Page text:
Jonny is Co-founder of Studio Phoenix. He consults on brand positioning and communication, developing marketing initiatives to increase brand awareness and to drive growth.
Designing for a Sustainable Future with Dr. Leyla Acaroglu: a synopsis
Shortly after Leyla sprang from the aptly named green room onto stage at The Royal Society of Medicine, she noted that her commute through London was ‘uncomfortably warm’, followed by a darkly humorous ‘it’s only going to get hotter….’.
Here are my key takeaways from the DBA’s recent event.
It’s real, but who cares?
Today, six of nine of our ‘planetary boundaries‘ for environmental self-regulation have been crossed with unknown but possibly catastrophic consequences for our natural world. An overriding global growth agenda has created an addictive consumption system with no value for nature, making money from ‘selling waste’ that consumes more resources than can be regenerated creating a zero-sum outcome. The same message delivered in Dr Suess’s ‘The Lorax’ a half century ago is now more than a cautionary tale.
Starting as a product designer, Dr Leyla Acaroglu (who is now a United Nations ‘Champion of the Earth’) had a formative experience that led to a powerful insight into the human mindset; why does one person care about the environment and another doesn’t?
Armed with this, she initially saw design as part of the problem until concluding that we need to be inside the system to change it, to understand the desired and undesired impacts of our choices and adopt ‘lifecycle thinking’ through a design mindset.
If not you, then who?
Asking ‘if you were accountable for your actions what would you change?’, Leyla highlighted the agency (power and influence) designers have. If united, we would have tremendous opportunity to disrupt existing systems and business models. ‘After all,’ Leyla reminded us, ‘we know how to manipulate people,’ but we need to close the knowledge gap without shaming others. Swivel Skills, a learning platform founded by Leyla to help educate and train business on circularity and sustainability is a good place to start.
Flagging one of the systemic problems with design – that it doesn’t always interrogate the system it is working in fully, it just deals with the intended outcome – Leyla discussed how design innovation is often focused on consumer behaviours that are locked into the established consumption system. Her recommendation: we should suspend the need to solve these from the get-go and have deeper curiosity about the system itself.
With companies increasingly required to report into Environmental, Social and Governance (ESG) frameworks, design can be a key sustainability line item. From a design perspective we are uniquely positioned to do the appraisal and deliver more value than a tool to create demand for business.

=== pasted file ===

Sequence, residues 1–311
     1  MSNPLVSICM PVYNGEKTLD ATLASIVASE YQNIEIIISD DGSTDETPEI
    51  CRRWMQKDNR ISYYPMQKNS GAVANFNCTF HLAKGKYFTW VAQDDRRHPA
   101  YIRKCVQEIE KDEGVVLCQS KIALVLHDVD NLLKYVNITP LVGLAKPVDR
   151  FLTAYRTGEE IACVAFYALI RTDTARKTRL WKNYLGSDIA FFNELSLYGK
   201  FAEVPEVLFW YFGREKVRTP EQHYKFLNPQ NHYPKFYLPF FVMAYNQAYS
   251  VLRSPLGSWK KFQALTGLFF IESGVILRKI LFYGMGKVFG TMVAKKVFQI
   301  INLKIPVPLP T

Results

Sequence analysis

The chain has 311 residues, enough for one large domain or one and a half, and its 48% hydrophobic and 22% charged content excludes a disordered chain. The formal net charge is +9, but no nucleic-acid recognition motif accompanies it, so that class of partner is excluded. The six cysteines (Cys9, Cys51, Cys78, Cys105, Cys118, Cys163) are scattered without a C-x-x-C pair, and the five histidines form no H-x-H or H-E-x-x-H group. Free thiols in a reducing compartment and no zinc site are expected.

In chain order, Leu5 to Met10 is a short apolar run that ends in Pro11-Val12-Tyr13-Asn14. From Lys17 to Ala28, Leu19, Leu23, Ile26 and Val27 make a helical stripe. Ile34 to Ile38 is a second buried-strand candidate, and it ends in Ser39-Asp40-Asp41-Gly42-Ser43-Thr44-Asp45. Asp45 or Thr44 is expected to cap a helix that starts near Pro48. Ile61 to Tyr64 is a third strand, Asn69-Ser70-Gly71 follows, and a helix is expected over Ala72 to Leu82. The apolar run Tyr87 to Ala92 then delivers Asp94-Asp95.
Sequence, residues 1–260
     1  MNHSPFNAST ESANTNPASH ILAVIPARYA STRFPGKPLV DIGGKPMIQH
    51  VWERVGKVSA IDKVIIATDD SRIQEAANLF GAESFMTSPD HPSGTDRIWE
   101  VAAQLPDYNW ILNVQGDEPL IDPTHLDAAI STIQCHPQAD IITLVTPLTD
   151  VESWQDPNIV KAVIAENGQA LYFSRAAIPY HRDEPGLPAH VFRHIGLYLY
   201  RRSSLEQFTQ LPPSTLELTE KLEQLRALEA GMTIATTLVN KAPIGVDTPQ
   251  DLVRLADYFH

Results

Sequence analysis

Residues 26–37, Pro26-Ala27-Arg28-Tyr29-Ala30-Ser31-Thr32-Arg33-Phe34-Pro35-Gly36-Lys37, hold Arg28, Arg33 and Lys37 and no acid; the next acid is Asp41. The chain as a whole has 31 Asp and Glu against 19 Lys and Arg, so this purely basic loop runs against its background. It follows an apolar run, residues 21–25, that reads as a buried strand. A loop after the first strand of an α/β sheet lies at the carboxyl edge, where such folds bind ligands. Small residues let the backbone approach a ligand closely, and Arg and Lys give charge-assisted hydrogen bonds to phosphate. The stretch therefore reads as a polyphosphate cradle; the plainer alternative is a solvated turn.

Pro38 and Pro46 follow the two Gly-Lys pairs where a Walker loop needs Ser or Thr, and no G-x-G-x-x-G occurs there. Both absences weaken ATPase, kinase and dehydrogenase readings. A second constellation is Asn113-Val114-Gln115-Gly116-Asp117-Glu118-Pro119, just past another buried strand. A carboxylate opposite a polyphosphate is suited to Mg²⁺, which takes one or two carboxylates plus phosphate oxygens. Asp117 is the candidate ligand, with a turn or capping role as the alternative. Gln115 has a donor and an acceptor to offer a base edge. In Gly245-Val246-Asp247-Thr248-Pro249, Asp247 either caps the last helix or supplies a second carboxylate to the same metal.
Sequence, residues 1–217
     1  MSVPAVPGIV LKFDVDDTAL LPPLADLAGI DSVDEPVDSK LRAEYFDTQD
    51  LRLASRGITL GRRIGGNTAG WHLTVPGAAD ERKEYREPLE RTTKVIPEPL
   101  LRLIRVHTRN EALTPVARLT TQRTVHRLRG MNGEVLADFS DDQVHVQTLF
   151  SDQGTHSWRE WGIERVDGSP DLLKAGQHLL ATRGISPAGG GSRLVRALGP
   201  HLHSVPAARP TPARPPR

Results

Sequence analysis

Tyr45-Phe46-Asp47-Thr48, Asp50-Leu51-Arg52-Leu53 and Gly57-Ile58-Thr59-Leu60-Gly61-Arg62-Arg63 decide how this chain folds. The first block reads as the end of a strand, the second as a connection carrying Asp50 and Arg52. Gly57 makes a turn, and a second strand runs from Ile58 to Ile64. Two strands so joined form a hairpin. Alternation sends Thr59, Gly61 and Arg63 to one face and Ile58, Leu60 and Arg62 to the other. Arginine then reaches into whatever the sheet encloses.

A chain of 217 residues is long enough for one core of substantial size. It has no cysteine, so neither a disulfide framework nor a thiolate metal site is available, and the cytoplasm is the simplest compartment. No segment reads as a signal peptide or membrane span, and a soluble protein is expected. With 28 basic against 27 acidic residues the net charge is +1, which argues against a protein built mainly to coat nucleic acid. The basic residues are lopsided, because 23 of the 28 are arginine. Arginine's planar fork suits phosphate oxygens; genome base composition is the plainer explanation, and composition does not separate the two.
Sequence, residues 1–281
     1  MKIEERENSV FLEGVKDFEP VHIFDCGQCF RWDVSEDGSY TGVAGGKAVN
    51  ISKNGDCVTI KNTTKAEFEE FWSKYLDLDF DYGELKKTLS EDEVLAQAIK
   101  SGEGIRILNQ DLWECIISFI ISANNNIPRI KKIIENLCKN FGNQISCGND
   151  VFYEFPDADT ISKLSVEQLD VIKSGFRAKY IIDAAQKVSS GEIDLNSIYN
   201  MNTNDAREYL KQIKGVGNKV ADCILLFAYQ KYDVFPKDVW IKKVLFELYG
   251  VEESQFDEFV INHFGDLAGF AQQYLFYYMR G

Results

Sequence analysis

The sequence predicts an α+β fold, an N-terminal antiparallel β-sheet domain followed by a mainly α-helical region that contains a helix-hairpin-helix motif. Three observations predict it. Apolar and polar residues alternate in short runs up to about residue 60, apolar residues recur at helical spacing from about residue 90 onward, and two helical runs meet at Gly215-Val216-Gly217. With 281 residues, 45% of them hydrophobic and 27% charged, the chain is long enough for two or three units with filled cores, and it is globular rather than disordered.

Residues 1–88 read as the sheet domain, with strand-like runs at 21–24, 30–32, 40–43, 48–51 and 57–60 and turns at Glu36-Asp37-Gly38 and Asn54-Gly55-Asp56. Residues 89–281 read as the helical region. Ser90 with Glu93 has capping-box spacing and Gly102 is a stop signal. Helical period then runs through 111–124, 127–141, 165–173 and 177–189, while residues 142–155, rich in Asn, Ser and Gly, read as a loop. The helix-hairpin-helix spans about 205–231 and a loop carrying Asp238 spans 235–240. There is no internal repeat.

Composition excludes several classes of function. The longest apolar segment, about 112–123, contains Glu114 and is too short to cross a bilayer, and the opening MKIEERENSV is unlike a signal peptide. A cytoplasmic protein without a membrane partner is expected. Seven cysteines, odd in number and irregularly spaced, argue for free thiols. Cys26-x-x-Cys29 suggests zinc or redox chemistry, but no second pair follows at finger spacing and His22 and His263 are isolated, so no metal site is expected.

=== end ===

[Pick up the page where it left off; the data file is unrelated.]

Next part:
The end of the world party
There is no waste in nature. Nature creates regenerative systems where everything optimises life. Yet nature is treated as if it has no value.
We heard how design led lifecycle approaches can help to uproot us from the ‘extractive economy’ to move to a circular and regenerative economy. But it can be hard to convince clients and their customers that it is better than the currently disposable status-quo.
Leyla was clear that design must focus on ‘elegantly disrupting the business model’, yet still needs to stimulate desire the same way when we execute commercially, to deliver a beautiful and frictionless service delivery experience that invites consumer participation. Ultimately, it’s a people and behaviour problem so design should ‘create the party everyone wants to go to,’ says Leyla, ‘as no one wants to go to the end of the world party’. This requires a holistic approach taking in all aspects of design from product and content to positioning and style.
Be the change, redesign everything
Start by identifying the primary and secondary purpose of the product, whether it’s protection, performance, status etc, and assess the product’s current linear lifecycle, from material extraction to end-of-life scenarios. From there we can work out how to transform it.
Leyla’s design toolkit features five main lifecycle stages. And data based lifecycle assessment tools can help map impacts to further enable the design process. There are plenty of tools out there from Plan A to Greenly and they can help build business arguments and justifications.
Design circular business models to underpin ‘product as service’ systems that focus on reuse. Consider everything from packaging design and material specifications to takeback programs, subscription services etc. And if you can’t make it reusable, how do you make it repairable, or enable materials to be recaptured and remanufactured?
Further design strategies from upcycling to recycling can help keep materials in the system for as long as possible. And if you can’t find a circular pathway then make sure design considers the product’s end of life destination. From there you must figure out how to implement the circular system in place of the linear system and manage the trade-offs. And don’t forget that you still need to make the product and service experience enjoyable to create consumer participation.
Ultimately, it’s about action. Right now.